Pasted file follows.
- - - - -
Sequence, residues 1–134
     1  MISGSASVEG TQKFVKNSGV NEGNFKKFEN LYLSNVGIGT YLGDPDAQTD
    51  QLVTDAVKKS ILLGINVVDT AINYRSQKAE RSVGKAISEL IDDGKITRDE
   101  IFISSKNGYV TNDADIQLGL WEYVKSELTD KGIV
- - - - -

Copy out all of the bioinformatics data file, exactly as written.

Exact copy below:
Sequence, residues 1–134
     1  MISGSASVEG TQKFVKNSGV NEGNFKKFEN LYLSNVGIGT YLGDPDAQTD
    51  QLVTDAVKKS ILLGINVVDT AINYRSQKAE RSVGKAISEL IDDGKITRDE
   101  IFISSKNGYV TNDADIQLGL WEYVKSELTD KGIV